I’m not making a judgment in any way and I’m not saying CG artists should pursue this kind of pricing exclusively. However, to say there’s no middle ground between this and the pittance that a lot of CG art is sold for today is preposterous to me. The main difference between what a lot of CG artists are doing today and these artists is that these artists, for atleast part of their career, bet on themselves, built their artistry around their brand of art and took the time to connect to influential people that helped them cultivate an audience and collectors of their work specifically.

My Definition of Art:
The Physical representation of the emotional.

Textbook Definition of Art:
The conscious use of the imagination in the production of objects intended to be contemplated or appreciated as beautiful, as in the arrangement of forms, sounds, or words.

It’s not an issue of who’s a “Real Artist” when it comes to collaborated works since the goal is to divide and conquer the workload, but to think there’s not a hierarchy of public recognition, for comics in particular, is delusional. Regardless of what people wanted when they originally started compared to what they’re actually doing, if it’s different, to the production of the comic they are critical cogs to the process and if that fulfills them then it fulfills them and if it doesn’t then they should pursue what does fulfill them either simultaneously or in place of inking.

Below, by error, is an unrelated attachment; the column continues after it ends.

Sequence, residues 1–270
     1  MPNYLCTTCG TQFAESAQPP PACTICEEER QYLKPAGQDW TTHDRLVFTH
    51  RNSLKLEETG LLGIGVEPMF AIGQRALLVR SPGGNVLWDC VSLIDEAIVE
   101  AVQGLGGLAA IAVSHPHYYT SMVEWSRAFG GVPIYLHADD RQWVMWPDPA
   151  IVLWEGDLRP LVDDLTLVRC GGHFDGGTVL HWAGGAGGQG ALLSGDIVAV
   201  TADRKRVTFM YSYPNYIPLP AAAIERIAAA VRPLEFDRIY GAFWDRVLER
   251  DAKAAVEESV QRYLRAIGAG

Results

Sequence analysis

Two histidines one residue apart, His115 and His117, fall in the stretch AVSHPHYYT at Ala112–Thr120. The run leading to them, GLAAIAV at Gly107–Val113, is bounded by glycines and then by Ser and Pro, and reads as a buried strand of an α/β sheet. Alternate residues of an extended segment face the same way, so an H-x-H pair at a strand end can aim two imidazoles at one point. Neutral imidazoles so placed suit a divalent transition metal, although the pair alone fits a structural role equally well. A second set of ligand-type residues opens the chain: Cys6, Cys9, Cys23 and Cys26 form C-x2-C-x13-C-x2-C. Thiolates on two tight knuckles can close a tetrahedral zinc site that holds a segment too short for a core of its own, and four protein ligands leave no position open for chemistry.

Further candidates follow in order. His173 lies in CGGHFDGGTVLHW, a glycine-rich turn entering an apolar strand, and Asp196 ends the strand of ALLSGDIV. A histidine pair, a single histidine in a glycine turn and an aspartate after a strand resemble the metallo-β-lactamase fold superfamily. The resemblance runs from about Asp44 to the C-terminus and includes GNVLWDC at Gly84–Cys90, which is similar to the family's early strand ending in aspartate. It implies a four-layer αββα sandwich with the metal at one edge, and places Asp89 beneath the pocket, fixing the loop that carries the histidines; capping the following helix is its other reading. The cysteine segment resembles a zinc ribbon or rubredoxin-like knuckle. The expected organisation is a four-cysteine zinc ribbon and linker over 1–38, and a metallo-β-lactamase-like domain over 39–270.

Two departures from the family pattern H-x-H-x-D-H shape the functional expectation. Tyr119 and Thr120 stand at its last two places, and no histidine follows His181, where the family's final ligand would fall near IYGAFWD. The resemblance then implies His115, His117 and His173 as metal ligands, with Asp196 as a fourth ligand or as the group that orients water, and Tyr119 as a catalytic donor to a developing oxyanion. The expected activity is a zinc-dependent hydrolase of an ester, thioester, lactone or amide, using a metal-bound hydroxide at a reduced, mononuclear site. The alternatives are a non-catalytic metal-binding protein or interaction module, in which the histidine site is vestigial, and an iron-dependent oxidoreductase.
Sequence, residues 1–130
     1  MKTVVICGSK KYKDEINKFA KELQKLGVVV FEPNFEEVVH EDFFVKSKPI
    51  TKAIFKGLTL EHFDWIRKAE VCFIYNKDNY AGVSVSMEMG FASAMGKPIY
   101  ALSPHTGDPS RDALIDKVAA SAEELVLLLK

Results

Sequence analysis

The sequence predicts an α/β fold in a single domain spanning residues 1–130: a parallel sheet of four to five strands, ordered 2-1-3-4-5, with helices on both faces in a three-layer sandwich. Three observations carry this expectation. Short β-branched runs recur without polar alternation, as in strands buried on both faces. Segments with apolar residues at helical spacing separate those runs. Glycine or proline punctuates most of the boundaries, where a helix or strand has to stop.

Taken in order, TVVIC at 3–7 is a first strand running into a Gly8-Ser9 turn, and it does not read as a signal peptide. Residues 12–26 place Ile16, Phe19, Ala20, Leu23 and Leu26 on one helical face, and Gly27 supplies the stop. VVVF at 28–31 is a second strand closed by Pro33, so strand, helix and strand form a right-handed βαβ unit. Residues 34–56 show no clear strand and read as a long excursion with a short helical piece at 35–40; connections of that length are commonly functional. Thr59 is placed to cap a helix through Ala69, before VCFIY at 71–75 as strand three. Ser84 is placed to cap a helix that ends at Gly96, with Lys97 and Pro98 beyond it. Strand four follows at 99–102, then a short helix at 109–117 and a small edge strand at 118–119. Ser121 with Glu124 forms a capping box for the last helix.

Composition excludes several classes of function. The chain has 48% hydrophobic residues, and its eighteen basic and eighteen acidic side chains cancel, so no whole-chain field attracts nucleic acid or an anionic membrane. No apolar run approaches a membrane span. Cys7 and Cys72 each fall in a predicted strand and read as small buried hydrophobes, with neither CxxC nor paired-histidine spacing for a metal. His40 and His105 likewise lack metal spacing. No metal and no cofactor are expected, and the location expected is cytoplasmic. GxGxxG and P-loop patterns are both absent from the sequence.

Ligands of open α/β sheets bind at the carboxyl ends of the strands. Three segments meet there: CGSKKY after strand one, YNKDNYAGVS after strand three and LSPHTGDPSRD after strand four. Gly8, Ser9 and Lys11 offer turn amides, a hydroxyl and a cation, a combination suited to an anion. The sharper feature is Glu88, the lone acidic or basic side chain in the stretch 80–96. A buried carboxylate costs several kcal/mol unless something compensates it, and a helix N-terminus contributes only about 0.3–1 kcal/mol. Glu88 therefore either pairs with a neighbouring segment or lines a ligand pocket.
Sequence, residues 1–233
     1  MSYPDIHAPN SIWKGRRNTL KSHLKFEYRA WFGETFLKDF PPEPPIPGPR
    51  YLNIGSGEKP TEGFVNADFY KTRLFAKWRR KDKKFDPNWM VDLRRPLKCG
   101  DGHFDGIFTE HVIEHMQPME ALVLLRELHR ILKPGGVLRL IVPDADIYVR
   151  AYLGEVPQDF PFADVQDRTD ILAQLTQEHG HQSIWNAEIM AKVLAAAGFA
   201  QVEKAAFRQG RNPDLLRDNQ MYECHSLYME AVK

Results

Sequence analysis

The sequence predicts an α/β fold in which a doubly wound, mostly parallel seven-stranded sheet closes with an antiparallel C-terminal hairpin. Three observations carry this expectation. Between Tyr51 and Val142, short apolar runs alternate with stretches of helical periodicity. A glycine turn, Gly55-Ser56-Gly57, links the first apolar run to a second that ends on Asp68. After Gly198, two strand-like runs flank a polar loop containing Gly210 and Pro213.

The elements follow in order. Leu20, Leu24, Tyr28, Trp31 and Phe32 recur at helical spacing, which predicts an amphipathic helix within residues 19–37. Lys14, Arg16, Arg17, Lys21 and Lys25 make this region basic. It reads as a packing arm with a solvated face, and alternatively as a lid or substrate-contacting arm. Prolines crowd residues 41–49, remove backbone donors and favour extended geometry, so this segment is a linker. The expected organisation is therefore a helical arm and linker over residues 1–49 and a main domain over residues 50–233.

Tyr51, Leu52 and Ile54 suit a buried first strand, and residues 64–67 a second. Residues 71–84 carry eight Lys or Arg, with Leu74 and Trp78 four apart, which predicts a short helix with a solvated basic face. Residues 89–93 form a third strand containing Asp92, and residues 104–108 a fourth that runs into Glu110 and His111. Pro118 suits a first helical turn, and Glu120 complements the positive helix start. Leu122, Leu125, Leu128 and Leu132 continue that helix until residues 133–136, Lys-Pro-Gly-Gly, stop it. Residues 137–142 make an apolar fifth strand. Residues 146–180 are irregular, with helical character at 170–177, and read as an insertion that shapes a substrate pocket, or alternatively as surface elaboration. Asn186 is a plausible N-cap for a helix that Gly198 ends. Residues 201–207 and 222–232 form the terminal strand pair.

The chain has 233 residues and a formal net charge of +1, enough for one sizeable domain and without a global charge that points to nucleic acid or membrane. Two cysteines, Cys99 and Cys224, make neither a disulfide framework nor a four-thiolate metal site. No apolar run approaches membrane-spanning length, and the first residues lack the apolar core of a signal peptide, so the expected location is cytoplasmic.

Of course an inker’s work will receive less merit then a penciler, it’s the way it has always been and for good reason. An inker is not designing a signature for a particular story, he or she is design someone else made and that’s fine as an occupation but it doesn’t define that inker’s artistry. As often as I’ve heard it said that a bad inker can ruin a great penciler’s career I’ve never seen a penciler switch from inker to inker and have his/her actual style of artwork change.

Consider someone like Alex Garner for instance, a guy that inked pages for J. Scott Campbell for YEARS and was only known as an inker. In the last five years or so He’s been doing comic covers and posters, but the fact is that no one would have had any idea what his art looked like and he never would have gotten the level of public recognition for his art and design he has now until he actually started creating art as opposed to supporting art creation exclusively:

Alex Garner Inks:

Alex Garner Art: